... researchers have found that the naturally occurring marine toxin ... in rats exposed to the chemical before birth. Humans ... after eating contaminated shellfish. , The researchers saw ... exposure to domoic acid levels below those generally deemed ...
... (Nasdaq: SLXA) today announced that its researchers in collaboration ... Delaware reported the most comprehensive analysis to date of ... "Elucidation of the Small RNA Component of the Transcriptome," ... the peer-reviewed journal Science. Solexa's assay can be used ...
... Medicine uses PET, radiotracer to track enzyme in smokers, ... in the lungs, possibly contributing to some of smoking's ... the September issue of the Journal of Nuclear Medicine. ... enzyme, also shows that smokers had a lower concentration ...
Cached Biology News:Prenatal exposure to marine toxin causes lasting damage 2Prenatal exposure to marine toxin causes lasting damage 3Solexa and collaborating scientists illuminate the small RNA component of the transcriptome 2Smoking damages key regulatory enzyme in the lung 2Smoking damages key regulatory enzyme in the lung 3
(Date:9/29/2014)... Claremont, CA (PRWEB) September 30, 2014 ... 1 million burn injuries require medical attention. In ... and brings serious complications to battlefield medical care. ... in Iraq and Afghanistan. Burn wounds heal slowly, ... that can be excessive, physically debilitating and functionally ...
(Date:9/29/2014)... in Iraq and Afghanistan, more than 300,000 soldiers have ... caused by exposure to bomb blasts and in ... of traumatic brain injury can range from the mild, ... impairments in memory and cognition. , Since 2007, ... importance and complexity of this problem, and has made ...
(Date:9/29/2014)... Research and Markets  has announced the ... & Services, End-User , Application - Global Forecast to ... The global oligonucleotide synthesis market is expected to reach ... growing at a CAGR of 9.8% from 2014 to ... the basis of products and services, applications, end users, ...
(Date:9/29/2014)... challenges in food security, emerging diseases and biodiversity ... published online in Science Express that ... of Arizona College of Agriculture and Life Sciences. ... of nine scientists has reviewed progress in addressing ... and environmental management using approaches that consider evolutionary ...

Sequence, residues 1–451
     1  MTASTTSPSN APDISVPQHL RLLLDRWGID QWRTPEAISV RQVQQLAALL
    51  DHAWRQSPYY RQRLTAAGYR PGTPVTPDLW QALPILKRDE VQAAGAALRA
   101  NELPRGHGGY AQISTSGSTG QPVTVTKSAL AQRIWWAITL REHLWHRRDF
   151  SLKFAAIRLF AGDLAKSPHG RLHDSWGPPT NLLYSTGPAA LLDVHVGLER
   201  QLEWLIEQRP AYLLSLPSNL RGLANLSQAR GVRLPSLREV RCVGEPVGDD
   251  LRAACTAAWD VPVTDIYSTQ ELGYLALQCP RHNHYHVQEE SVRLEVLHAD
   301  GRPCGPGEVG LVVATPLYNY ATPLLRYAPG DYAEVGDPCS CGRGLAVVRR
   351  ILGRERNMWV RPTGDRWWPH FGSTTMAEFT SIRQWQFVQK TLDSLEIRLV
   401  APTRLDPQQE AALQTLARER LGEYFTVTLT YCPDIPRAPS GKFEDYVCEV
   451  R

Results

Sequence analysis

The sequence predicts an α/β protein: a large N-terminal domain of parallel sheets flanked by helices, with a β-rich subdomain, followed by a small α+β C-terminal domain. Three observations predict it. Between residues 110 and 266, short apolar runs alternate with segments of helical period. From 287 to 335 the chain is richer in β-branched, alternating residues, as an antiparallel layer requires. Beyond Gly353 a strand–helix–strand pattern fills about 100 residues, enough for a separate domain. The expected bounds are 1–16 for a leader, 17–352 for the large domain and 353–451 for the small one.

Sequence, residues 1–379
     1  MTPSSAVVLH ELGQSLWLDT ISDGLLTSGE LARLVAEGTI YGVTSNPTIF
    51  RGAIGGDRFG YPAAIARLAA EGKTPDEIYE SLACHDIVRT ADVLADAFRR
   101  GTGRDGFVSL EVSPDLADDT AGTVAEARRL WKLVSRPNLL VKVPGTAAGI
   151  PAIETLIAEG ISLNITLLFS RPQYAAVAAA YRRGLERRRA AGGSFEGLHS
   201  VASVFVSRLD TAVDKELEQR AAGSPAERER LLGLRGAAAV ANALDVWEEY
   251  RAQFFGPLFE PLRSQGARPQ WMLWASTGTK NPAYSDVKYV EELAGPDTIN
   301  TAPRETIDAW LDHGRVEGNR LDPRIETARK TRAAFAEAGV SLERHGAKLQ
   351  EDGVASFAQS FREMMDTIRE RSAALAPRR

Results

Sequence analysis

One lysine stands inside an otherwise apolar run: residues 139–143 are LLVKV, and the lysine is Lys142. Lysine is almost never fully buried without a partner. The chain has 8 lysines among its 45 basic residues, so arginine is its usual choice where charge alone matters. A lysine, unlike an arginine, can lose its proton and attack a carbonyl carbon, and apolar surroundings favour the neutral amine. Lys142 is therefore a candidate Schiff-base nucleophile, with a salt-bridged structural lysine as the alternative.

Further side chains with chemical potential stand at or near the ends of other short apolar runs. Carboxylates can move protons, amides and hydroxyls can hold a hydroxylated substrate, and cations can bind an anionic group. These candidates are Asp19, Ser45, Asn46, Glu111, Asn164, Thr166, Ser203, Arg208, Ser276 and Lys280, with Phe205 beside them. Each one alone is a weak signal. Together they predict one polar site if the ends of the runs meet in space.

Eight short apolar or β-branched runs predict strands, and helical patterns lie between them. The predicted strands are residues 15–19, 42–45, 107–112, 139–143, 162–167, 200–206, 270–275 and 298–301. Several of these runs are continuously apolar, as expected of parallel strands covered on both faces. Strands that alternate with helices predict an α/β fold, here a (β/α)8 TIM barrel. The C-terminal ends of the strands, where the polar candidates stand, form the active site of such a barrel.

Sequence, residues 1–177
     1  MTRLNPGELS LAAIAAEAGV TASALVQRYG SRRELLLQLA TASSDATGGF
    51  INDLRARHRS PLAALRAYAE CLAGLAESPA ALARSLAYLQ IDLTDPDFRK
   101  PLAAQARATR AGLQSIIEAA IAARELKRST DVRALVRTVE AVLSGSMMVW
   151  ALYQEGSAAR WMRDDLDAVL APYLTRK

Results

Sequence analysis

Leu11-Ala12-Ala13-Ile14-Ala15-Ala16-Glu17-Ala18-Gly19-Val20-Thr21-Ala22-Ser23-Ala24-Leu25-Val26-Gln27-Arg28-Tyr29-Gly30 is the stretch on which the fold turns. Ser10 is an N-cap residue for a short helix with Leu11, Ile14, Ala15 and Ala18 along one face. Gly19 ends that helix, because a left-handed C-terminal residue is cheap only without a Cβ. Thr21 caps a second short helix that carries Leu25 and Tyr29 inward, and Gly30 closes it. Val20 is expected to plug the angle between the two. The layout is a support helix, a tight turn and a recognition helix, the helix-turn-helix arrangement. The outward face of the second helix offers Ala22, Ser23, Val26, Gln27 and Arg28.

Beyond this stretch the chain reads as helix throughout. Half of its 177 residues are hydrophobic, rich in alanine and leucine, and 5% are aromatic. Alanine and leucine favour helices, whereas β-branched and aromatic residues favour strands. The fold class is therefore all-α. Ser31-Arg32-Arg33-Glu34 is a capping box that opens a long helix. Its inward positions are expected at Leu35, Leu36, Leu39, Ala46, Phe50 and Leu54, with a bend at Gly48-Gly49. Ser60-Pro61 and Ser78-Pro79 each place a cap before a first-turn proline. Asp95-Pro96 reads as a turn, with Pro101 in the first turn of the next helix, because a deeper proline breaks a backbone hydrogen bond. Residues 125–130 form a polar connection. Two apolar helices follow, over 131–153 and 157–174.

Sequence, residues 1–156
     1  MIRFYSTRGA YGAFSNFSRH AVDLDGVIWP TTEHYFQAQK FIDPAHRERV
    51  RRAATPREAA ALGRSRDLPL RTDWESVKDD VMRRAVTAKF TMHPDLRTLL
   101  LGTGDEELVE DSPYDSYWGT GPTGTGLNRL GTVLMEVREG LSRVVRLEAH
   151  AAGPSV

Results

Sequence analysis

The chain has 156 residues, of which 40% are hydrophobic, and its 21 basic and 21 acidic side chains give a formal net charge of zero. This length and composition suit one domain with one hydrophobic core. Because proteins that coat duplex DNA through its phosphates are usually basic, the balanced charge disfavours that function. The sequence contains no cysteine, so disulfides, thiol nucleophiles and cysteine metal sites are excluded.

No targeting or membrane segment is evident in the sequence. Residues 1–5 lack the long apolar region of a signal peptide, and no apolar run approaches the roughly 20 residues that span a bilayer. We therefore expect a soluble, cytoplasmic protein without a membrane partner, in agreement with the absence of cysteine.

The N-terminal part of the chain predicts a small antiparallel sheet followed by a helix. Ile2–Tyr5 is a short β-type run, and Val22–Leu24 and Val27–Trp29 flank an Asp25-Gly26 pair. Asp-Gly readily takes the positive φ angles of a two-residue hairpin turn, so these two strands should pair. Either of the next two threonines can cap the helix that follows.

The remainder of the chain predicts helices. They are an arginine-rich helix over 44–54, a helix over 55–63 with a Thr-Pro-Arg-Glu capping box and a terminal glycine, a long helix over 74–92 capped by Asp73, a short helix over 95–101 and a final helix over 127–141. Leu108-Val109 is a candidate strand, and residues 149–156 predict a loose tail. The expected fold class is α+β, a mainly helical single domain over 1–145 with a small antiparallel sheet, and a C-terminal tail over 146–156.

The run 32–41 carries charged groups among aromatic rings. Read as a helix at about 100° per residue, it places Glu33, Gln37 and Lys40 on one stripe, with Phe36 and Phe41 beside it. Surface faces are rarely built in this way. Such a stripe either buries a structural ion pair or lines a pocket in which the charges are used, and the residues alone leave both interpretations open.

Breaking Biology Technology:Faster Healing with Fewer Scars 2Modeling shockwaves through the brain 2Modeling shockwaves through the brain 3Modeling shockwaves through the brain 4Oligonucleotide Synthesis (Diagnostics, PCR, QPCR, Gene Synthesis, NGS, DNA, RNAi) Market - Global Forecast to 2019 2Oligonucleotide Synthesis (Diagnostics, PCR, QPCR, Gene Synthesis, NGS, DNA, RNAi) Market - Global Forecast to 2019 3Evolutionary biology: It's not just for textbooks anymore 2Evolutionary biology: It's not just for textbooks anymore 3
... Software, a leading provider of image data management tools for ... Open Microscopy Environment Consortium, is proud that its founder Professor ... this year,s BBSRC Innovator of the Year. The BBSRC is ... in the non-clinical life sciences, and along with the Wellcome ...
... the best education and to absorb what they are ... the journal Academic Medicine * connects research on how ... real world education, particularly the education of doctors. "Repetition, ... knowing what is happening in the brain will enhance teaching ...
... surgeon Dr. Lewis Groden presented results from a ... and Refractive Surgery (ASCRS) Symposium revealing that LASIK procedures ... and very high patient satisfaction rates. Each ... vision center currently offers patients a choice of multiple ...
Cached Biology Technology:Glencoe Software and Open Microscopy Environment Founder Awarded the BBSRC Innovator of the Year 2011 2Brain scientists offer medical educators tips on the neurobiology of learning 2Brain scientists offer medical educators tips on the neurobiology of learning 3Brain scientists offer medical educators tips on the neurobiology of learning 4Brain scientists offer medical educators tips on the neurobiology of learning 5LasikPlus® Research Reveals Excellent Results From Modern LASIK 2
Tumor Suppressor Sampler Kit 10 mu g each...
AMAP Multi Site-directed Mutagenesis Kit Research Focus: other Storage Temperature: -20C Shipping Temperature: dry ice...
Umbilical cord blood eosinophils, For immunohistochemistry (IHC)...
Slide Chambers are convenient for performing pre-hybridization incubations and post-hybridization washes with tissue sections mounted on standard glass microscope slides. Each chamber holds up to 5 s...
Biology Products: